Recently rediscovered, the photographer Beniamino Facchinelli (1839-1895) took over a thousand pictures of a monumental and picturesque Cairo.
They stand out for their originality from the commercial photographs of his contemporaries, for example those of the Bonfils family or the father and son Sebah team.
Most of them were produced on the request of European enthusiasts committed to the defence of historical Cairo’s architectural and urban heritage. On the one hand, the collapse, beginning in the early 19th century, of pious foundations (Muslim and Christian endowment properties) which had traditionally guaranteed the mission of maintenance, and thus of the perpetuation, of historical buildings, and, on the other, the urban improvement projects undertaken during the 1860s, with their share of inroads, revamping, radical rebuilding and new constructions, had led to the ruin and dilapidation of many ancient edifices. A campaign of European awareness raising about the fate of Cairo’s monuments was launched at the end of the 1870s by a composite group of enthusiasts, including in its ranks the polygraph Arthur-Ali Rhoné, the architect Ambroise Baudry, the British numismatist Edward Thomas Rogers and the German architect Julius Franz, alongside the Egyptian historian Yacoub Artin and the engineer-architect Hussein Fahmy, who in 1868 had been entrusted with the construction of the al-Rifai mosque in an historicist style. This alert led to the creation in 1881 of the Comité de conservation des monuments de l’art arabe as part of the administration of endowment properties (waqf). This body was charged with making an inventory of monuments, watching over their upkeep and taking care of their restauration. A list of over 800 edifices had been drawn up by 1883; an ambitious policy of scholarly restoration of monuments developed fully in the next few decades.
For the most part taken in the 1880s, Facchinelli’s photos provide a rare and precious record of the actual state of these monuments before the first series of restorations. They document closely and without the slightest gloss the ravages the edifices had suffered from time, earthquakes, rapacious collectors and merchants, or the carelessness of guardians and entrepreneurs. They illustrate the ongoing restorations. They also provide information about the building-up of the collections of the “Musée Arabe”, founded in 1880 to house and conserve the furnishings and deco made of stone, wood or ceramics which were threatened with disappearing from these major sanctuaries. Between two commissions from his various clients, Facchinelli gave free rein to his own interest in the social life on the streets of Cairo, the movement of men and women absorbed in their everyday activities, and the presence of pets in the city. Taking advantage of the intense light of Cairo and of his familiarity with its side-streets, he sometimes produced images which are close to the instantaneous, captioning them as such. He allowed the passers-by that surged up around him to appear in the frame, intrigued as they were by the operation of taking photographs with a decentred lens, tripod and black hood. As a user of the last examples of gelatino-bromide glass plates before the arrival of the flexible negative, and keen on pictorial experiments playing on exposure times, the alternation of light and shadow, wide angles and unexpected framing, this photographer also composed, possibly inadvertently, extremely poetic shots.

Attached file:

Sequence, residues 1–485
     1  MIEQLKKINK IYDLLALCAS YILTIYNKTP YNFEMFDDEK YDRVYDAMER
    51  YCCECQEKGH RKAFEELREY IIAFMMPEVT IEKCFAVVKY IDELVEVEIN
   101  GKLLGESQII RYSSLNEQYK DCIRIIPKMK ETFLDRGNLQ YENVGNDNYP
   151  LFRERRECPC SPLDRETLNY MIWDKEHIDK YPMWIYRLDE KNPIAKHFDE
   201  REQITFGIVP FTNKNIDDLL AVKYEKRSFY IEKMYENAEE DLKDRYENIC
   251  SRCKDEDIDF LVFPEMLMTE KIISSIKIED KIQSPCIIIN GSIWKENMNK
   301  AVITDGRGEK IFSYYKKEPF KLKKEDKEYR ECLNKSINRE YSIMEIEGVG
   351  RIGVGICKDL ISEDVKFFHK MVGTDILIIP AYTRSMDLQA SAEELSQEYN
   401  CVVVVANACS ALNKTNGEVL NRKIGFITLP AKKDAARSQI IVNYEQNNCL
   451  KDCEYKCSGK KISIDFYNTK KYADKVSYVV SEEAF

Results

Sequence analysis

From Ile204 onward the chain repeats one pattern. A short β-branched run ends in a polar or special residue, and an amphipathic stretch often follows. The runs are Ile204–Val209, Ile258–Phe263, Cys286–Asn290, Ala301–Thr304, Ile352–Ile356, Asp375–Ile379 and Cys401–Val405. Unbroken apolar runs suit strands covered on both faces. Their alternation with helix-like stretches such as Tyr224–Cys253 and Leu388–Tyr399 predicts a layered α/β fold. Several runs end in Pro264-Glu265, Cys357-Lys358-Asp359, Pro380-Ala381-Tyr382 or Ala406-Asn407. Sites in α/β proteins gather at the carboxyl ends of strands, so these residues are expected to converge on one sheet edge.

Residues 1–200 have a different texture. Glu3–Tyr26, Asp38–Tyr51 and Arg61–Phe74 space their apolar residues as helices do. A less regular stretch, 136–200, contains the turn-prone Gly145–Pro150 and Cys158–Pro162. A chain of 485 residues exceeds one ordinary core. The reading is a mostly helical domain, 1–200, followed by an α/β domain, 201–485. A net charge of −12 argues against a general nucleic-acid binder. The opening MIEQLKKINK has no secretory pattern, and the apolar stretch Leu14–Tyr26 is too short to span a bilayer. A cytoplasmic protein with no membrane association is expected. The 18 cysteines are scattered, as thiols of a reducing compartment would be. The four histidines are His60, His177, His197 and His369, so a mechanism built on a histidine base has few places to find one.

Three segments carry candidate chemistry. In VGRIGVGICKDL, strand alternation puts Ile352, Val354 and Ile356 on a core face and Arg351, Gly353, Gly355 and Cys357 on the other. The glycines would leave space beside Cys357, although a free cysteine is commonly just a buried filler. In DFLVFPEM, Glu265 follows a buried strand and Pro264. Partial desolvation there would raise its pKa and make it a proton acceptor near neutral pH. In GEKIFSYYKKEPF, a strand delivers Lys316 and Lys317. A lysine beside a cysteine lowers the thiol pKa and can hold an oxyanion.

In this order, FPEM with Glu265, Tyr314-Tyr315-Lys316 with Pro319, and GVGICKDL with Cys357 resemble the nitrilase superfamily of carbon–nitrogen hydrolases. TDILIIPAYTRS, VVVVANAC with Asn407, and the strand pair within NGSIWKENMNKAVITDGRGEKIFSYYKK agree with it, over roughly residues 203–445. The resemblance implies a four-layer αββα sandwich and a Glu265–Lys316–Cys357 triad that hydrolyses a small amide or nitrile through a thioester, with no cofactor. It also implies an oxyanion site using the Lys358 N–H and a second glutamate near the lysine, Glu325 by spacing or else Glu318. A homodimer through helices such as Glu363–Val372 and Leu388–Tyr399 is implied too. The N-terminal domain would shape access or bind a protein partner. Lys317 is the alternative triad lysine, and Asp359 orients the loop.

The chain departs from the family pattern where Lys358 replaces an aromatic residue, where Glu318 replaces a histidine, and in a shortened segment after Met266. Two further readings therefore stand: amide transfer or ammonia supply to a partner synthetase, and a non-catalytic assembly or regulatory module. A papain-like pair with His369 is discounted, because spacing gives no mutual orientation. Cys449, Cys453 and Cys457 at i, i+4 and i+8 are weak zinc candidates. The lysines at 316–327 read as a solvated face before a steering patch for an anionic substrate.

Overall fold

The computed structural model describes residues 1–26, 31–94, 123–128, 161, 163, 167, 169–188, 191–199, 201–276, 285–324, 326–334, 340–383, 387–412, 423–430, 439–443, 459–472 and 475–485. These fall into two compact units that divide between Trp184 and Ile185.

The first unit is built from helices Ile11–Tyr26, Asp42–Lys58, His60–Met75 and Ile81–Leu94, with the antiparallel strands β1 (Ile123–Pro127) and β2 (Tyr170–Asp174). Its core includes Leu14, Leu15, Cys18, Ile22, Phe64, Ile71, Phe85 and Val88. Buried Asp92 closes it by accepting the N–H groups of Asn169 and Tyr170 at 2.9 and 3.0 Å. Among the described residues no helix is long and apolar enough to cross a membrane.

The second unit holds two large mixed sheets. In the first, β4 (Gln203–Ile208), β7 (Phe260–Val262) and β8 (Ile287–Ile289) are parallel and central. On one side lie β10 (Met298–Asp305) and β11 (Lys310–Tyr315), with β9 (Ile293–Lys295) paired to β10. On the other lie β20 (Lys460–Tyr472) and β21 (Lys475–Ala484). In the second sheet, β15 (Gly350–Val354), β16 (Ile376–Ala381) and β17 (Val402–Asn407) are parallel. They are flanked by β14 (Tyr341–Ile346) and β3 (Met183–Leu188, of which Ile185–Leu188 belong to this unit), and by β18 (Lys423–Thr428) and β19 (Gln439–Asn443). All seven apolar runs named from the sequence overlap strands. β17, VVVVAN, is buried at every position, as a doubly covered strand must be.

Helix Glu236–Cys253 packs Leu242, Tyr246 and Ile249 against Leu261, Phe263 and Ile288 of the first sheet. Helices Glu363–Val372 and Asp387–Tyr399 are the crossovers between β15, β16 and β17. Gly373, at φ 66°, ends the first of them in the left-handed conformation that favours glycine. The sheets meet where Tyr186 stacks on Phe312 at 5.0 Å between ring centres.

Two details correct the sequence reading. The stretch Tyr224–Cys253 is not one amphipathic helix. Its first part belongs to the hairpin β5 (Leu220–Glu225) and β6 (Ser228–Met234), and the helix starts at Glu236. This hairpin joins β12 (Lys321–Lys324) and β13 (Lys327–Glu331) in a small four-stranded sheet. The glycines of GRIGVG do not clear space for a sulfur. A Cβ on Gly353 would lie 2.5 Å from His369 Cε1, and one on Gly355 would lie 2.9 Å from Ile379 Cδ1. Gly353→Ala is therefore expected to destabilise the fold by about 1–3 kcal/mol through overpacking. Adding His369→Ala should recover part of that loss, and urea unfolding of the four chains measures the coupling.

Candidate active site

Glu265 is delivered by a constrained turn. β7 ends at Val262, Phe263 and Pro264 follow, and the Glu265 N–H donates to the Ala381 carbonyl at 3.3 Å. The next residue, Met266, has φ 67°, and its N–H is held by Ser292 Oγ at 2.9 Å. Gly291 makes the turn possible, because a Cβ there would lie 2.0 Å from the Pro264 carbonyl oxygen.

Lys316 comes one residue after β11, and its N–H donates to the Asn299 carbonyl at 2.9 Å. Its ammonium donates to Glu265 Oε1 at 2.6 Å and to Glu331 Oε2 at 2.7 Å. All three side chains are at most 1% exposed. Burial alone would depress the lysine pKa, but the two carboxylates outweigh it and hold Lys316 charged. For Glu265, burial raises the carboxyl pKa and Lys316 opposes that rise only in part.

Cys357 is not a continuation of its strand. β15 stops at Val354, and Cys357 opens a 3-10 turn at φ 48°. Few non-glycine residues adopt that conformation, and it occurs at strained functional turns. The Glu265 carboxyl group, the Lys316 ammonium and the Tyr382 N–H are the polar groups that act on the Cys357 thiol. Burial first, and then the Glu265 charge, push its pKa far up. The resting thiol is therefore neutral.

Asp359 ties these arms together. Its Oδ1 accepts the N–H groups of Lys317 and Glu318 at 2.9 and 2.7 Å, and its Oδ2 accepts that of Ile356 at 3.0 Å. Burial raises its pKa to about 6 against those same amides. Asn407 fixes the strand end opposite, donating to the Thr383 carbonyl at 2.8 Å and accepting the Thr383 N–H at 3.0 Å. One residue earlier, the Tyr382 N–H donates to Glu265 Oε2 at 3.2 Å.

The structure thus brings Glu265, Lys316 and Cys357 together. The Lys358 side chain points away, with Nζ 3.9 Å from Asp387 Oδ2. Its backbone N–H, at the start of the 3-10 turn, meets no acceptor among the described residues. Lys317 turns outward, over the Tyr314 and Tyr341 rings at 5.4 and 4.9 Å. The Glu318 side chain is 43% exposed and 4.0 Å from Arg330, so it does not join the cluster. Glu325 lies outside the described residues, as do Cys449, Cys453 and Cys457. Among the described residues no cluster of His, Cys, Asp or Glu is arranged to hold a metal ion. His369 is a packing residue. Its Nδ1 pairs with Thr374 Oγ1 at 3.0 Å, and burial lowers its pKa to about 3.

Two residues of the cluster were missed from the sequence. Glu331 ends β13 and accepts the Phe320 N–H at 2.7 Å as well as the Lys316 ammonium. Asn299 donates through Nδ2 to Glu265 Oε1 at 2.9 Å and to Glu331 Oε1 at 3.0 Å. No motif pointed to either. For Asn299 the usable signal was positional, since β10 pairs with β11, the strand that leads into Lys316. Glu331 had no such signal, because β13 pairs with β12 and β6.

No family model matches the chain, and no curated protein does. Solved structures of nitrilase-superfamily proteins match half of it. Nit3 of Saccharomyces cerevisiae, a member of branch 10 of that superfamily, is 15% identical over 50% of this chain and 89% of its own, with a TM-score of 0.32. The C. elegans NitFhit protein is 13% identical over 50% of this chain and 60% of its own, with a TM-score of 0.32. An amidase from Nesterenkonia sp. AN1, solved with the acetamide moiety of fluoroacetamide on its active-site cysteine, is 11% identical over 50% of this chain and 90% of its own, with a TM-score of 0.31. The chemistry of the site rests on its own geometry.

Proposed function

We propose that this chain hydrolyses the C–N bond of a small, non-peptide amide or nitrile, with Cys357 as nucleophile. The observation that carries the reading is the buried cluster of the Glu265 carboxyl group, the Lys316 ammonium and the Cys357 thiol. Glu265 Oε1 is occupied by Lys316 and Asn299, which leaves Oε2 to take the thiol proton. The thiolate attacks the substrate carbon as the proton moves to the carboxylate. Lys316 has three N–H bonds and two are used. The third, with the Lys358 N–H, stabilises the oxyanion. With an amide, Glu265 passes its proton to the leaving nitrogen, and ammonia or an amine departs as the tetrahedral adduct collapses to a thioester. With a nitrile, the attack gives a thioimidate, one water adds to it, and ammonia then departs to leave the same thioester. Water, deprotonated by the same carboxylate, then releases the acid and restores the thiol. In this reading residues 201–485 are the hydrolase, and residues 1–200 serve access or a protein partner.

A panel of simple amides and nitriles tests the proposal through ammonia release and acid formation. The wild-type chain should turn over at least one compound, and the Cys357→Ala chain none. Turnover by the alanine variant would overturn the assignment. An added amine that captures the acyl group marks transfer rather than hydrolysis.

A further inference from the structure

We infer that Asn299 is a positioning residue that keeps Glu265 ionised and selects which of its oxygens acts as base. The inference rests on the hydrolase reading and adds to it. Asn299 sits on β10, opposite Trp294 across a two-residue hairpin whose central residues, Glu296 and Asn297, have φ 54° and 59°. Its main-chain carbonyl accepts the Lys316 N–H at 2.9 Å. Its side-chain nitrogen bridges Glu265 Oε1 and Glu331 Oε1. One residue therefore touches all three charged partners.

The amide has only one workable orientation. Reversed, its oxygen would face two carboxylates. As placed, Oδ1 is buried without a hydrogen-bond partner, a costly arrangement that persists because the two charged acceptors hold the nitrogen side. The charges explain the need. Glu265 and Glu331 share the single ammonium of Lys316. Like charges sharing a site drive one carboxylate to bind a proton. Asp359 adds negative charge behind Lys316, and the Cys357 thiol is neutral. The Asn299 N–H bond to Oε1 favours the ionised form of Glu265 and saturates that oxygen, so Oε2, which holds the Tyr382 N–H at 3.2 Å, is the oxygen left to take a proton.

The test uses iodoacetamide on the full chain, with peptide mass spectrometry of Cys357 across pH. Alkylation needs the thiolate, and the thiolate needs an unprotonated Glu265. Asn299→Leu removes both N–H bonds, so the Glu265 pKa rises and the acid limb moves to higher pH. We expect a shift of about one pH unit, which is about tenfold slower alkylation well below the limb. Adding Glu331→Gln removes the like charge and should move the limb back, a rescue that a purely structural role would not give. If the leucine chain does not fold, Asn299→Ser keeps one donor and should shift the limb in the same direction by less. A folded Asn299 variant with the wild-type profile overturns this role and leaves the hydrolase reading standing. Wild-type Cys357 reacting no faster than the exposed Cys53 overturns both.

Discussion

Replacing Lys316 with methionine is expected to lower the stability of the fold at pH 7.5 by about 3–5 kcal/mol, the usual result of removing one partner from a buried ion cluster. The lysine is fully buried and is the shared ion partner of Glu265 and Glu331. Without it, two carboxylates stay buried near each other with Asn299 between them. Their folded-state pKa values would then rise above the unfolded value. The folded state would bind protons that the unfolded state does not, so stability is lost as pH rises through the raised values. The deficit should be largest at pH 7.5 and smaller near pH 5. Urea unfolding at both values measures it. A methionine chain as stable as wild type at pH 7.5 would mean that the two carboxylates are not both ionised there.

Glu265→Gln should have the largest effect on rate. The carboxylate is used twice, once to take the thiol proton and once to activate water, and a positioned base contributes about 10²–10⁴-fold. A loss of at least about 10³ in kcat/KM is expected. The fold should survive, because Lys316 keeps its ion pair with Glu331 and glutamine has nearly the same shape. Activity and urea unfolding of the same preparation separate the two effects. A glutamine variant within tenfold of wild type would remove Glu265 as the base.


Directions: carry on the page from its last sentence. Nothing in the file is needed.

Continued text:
This essential documentation about the construction heritage of ancient Cairo was widely used by Arthur-Ali Rhoné, Julius Franz, Henry Wallis, Max van Berchem, Henri Saladin or Gaston Migeon, in their publications about Islamic architecture, before falling into oblivion. It can now be found dispersed among French, Swiss, Italian, Finnish and British libraries, and stands as just a part of the photographer’s body of Egyptian work. Born in a territory that was part of the Habsburg Empire until 1919, committed as early as 1859 to the cause of Italian unity then, like many such partisans, becoming part of the Egyptian administration during the 1870s (he is known to have been attached to the military staff in 1880), Facchinelli also left behind portraits and journalistic reports, such as one concerning the journey that the crown prince of Italy, the future Victor-Emmanuel III, made to the Middle East in 1887. It was also possible to obtain from his studio, situated on the edge of the old town, touristic views of Egypt.
Image caption : Corte Casa presso Hotel du Nil. Facchinelli’s house, he is depicted on the stairs with his children. 1873-1895